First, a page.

Make way for the future....

Cambridge Audio talks Evo: “I can accept ‘lifestyle’, but this is a proper hi-fi product” | What Hi-Fi? (

My kind of product.  Slick looking, compact and functional.   Bet it sounds good!

Time to downsize?
I’m a Cambridge Edge (their flagship line, compared favorably to Hegel H590 by Hi-Fi News) owner, as well as owning the 851n streamer/dac in another system, and I followed the release announcement of the Evo line closely.

It was fascinating to me in the way that they did it, and what they focused on. In particular, they (CA) actually led in the press release with the aesthetic value of the product, focusing prominently on the removable side panels (wood look or the textured look).

Okay, so what is interesting about that? Well because they spent comparatively LITTLE time discussing the sonic merits of the product. They mainly focused on the look and feel of the product. This is just a very different marketing approach than most companies take.

As to the sonics, they use the NCore class D modules rather than the latest and more expensive Purifi class D modules, fwiw.

It’s targeting a different demographic, with a different focus, and maybe it is the right approach. Time will tell. But the approach was very interesting to me - not in an "I’m interested in purchasing this" way (I'm not in the market for a product like this now), but in an "wow, this is a completely different marketing strategy" way
Was not familiar with that Boulder unit. I bet it is the bomb!

NAD m33 gets similar rave reviews supposedly upping the ante from prior models. I wonder how the two compare? Or the CA evo if anyone has heard one yet. Same league at least?

FWIW I own and concurrently run BEl Canto c5i integrated in my second system and the much beefier ref1000m monoblock amps in my main system. Both are very good, in the same league I would say, but the 60w/ch c5i cannot match the ref1000ms in terms of overall muscle and authority, at least in larger rooms.

Also the c5i is a true digital integrated amp like the NAD I believe whereas I run an Audio Research tube pre-amp with the ref1000m’s. The two do not sound radically different but the tube pre-amp with the Class D amps is a good pairing I would say and many agree. There is a difference, but not night and day, and both sound very good and hard to fault on their own. I am happy listening to either though the c5i and its 60 w/ch does impose some limits in terms of spl in a larger room but nothing that would matter most likely for many.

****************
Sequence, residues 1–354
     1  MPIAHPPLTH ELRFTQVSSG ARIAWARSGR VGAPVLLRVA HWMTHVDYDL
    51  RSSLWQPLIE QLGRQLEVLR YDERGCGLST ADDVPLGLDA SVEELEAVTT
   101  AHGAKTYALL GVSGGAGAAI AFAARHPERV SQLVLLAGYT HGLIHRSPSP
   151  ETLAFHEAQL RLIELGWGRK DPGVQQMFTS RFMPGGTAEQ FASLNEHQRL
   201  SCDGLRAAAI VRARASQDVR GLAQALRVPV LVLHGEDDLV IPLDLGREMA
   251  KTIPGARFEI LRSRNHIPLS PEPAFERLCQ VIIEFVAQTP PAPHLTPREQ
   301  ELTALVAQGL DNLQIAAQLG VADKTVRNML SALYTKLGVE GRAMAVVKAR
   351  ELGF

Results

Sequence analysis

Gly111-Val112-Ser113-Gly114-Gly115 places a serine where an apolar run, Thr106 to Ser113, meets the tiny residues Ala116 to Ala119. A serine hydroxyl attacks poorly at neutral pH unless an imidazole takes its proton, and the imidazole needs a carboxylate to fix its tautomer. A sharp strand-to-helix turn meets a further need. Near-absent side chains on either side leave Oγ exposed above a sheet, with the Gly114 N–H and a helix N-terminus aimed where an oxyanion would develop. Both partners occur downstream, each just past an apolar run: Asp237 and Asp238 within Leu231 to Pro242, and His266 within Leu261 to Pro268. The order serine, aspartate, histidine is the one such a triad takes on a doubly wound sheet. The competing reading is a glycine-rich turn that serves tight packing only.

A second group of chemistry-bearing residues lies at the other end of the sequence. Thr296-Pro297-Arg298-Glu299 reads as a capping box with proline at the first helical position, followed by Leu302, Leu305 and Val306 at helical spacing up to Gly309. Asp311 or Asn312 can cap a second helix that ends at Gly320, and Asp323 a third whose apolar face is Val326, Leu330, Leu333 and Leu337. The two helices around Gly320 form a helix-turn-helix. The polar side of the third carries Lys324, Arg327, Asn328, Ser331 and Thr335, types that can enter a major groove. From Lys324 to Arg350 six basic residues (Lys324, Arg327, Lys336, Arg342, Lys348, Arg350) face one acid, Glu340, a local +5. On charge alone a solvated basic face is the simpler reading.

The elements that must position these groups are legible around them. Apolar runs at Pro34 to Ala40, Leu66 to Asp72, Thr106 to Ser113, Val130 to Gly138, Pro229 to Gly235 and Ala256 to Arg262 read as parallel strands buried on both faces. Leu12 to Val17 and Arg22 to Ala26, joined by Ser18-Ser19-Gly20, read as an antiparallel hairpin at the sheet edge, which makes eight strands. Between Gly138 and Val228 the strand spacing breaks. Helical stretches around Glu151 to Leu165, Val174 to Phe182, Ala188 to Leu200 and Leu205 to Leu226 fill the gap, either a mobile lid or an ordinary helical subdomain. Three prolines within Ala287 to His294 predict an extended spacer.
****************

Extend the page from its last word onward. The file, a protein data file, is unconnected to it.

There is a nice comparison a review of three excellent streaming amps.  It is from Chris Kelly for the Ear Sept 24, 2020 where he reviews and compares the NAD M10, NAIM Unity Atom, and the Lyngdorf 1120...  

Not sure how this Cambridge unit would compare but this review is very informative.
After 50+ years of separates, many brands and many price points I moved to a simpler set up this year with a NAD M33. Sold the preamp, the two monos, the DAC, the phono stage, the laptop storage, the transport, an equaliser, a tuner, the Revox A77...

Now it’s a Rega P6, M33, a NAS, an Oppo player, wires and a pair of GoldenEar Triton Ones.
LOVE it!

It suits my trimmed down lifestyle and the fact that I’ve had my years of playing with heavy ’boxes’ and while I enjoyed it all, it's now, "been there, done that". So, I guess it depends on where you are and the depth of your pockets - it’s the future for me (what’s left of it) but maybe not for everyone.
Now I’m going to borrow a ripper and transfer the CDs to the NAS to sell the Oppo - that will take time. Happy camper.
I love my Devialet Expert 400 not just for the sound but also for its numerous features. Flexible MC/MM phono section, built-in Roon compatible streamer, bass management with four different slopes for both hi-pass and lo-pass along with time delay, and adjustable-frequency tone controls. The Expert Pro models have a multi-band parametric equalizer that, while not as convenient as you find in true room correction devices (e.g., Lyngdorf or Anthem), can ameliorate some room problems. The multiple and flexible analog and digital inputs and outputs are second to none, although there are no balanced connections. The remote is a joy to use and can be programmed to allow for phase inversion, subwoofer on/off, and other features to alter and tailor the sound. 
You can get a used D200 for around $3000 USD.